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Blog Review: Oct. 20

Debug with real number models; early security; floating point; side-channel attacks.

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Siemens EDA’s Sumit Vishwakarma promotes ironing out preliminary bugs by using a real number model to describe an analog block as a discrete floating-point model and enable it to simulate in a digital solver at near-digital simulation speeds.

Synopsys’ Taylor Armerding explains how including security in the software development process from the beginning planning stages onward will help IoT and other connected devices be more resilient to cyberattacks.

Cadence’s Paul McLellan considers floating point numbers, why they’re used, and some of the unexpected behaviors they exhibit.

A Rambus writer explains how side-channel attacks work and details some of the most common attack methodologies, with a particular focus on differential power analysis attacks and the countermeasures available.

Ansys’ Jamie Gooch points to the importance of optics and simulating how light behaves at the nanophotonic level and how it is manipulated with instruments and lenses for the design of cameras for consumer and ADAS applications.

Arm’s Reinhard Keil argues for adopting cloud-based and hybrid embedded development tools that provide continuous integration flows, model optimization for machine learning, and device provisioning for deployment.

ESD Alliance’s Bob Smith chats with Nikos Zervas of CAST about the early days of the silicon IP market, when it started to take off, and what’s changed in the market since.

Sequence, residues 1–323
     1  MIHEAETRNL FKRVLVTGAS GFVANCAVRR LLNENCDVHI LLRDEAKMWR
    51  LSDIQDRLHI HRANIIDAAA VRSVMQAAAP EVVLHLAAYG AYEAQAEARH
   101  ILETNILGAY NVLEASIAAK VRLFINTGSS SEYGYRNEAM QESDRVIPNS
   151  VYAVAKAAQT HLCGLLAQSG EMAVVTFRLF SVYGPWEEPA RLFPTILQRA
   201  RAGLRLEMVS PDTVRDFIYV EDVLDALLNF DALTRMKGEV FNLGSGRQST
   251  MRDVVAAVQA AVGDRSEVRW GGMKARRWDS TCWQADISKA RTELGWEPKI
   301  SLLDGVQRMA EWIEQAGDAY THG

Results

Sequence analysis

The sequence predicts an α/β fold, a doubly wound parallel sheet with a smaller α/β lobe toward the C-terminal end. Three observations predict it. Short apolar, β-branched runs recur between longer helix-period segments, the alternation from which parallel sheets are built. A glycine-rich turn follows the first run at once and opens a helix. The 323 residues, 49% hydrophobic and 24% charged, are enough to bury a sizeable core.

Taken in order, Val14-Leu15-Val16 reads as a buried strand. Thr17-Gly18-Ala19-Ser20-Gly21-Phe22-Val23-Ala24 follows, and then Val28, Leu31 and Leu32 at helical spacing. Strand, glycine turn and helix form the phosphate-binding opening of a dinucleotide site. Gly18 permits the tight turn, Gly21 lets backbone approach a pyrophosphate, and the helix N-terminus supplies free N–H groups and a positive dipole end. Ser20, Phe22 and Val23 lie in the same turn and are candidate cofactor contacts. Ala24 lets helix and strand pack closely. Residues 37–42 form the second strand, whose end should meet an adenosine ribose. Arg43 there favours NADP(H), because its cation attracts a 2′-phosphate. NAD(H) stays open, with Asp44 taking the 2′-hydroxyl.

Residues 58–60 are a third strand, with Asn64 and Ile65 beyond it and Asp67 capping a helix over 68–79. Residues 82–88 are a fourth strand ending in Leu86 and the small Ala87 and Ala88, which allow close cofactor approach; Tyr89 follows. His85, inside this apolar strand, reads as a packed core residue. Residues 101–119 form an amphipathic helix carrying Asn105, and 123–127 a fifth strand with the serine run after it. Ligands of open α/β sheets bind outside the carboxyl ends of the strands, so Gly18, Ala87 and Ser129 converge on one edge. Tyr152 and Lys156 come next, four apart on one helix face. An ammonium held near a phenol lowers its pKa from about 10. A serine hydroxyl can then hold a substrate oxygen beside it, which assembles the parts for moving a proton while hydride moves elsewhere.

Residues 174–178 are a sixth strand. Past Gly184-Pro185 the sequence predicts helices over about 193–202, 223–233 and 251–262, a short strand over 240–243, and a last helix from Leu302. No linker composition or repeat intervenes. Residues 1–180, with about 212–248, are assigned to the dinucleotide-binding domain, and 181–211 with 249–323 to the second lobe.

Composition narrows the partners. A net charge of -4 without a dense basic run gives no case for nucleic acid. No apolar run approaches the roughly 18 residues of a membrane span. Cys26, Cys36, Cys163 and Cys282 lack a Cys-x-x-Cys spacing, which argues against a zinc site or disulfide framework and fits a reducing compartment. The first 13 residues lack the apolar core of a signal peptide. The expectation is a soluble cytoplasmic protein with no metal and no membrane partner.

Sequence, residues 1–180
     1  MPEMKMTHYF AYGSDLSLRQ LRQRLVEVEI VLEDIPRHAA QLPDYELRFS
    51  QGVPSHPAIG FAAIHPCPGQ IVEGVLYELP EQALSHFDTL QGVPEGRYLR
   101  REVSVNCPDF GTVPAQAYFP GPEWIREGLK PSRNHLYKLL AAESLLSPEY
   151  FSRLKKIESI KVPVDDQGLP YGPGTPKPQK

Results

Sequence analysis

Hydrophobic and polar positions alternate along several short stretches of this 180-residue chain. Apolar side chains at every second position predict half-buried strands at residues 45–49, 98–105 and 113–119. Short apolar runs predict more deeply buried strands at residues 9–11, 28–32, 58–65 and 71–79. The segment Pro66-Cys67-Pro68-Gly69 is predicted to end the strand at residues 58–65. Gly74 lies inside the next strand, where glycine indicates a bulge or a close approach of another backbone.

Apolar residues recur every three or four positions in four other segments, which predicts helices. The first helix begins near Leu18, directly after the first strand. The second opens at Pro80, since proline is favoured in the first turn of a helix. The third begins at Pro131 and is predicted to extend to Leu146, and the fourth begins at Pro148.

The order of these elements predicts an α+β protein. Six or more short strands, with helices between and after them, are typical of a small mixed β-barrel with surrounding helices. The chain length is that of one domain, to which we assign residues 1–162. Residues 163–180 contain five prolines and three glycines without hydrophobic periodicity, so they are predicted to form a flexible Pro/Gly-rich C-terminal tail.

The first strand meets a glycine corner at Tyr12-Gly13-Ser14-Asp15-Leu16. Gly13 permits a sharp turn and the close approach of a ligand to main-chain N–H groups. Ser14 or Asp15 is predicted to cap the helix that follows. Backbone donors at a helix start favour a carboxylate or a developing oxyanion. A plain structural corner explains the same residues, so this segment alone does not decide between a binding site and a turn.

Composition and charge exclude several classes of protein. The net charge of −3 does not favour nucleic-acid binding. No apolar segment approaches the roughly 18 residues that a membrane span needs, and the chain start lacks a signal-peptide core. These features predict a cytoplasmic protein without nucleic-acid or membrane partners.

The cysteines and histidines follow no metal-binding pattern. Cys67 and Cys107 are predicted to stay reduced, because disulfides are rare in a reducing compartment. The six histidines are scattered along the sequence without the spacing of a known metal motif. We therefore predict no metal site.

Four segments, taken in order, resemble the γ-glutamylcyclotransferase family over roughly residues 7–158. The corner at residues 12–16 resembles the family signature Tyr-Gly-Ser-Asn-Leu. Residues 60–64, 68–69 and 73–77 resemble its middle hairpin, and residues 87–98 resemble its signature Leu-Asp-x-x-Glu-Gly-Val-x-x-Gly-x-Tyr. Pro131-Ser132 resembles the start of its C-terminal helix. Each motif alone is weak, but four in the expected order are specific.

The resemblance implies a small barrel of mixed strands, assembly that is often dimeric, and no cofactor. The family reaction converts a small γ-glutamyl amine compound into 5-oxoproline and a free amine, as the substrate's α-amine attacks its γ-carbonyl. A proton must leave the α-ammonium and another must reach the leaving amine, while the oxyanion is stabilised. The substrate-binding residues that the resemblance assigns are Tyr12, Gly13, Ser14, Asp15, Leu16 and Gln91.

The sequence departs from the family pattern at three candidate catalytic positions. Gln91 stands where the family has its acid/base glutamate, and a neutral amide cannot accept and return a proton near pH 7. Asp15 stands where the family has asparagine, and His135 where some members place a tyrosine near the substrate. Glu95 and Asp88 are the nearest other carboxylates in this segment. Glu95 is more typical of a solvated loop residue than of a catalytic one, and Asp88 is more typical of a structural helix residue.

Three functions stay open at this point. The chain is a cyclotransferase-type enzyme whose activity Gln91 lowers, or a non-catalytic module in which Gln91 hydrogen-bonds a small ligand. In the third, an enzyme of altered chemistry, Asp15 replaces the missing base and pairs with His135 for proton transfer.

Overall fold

Western Digital’s Ronni Shendar checks out the boom in smallsats, small satellites under 1,000 pounds that can be constructed much more easily than their larger counterparts, and how they are using off-the-shelf components with software mechanisms to provide resiliency instead of traditional radiation-hardened silicon.

Plus, don’t miss the blogs featured in the latest Low Power-High Performance newsletter:

Synopsys’ Moninder Singh explains why the complexity of interface IP makes it difficult to keep transistor netlist views logically equivalent to reference Verilog models.

Arm’s Remy Pottier contends that creating an ecosystem for pervasive computing systems will require extensive trial and error.

Fraunhofer’s Roland Jancke warns that special attention must be paid to the non-functional properties of RF components.

Ansys’ Tyler Ferris identifies three places where electronics typically go bad on a PCB.

Infineon’s Olaf Bendix lays out steps to identify a suitable gate driver IC based on the peak current and power dissipation requirements of an application.

Rambus’ Paul Karazuba shows how to minimize performance overhead while protecting high-value data passed across interconnects.

Cadence’s Shyam Sharma zeroes in on requirements to watch out for when combining multiple individual DRAMs to create higher-density memories.

Siemens’ Joe Davis highlights problems in analyzing power for large analog designs.

Synopsys’ Anika Malhotra looks at using the IP-XACT integration standard to speed time to market and reduce costs.



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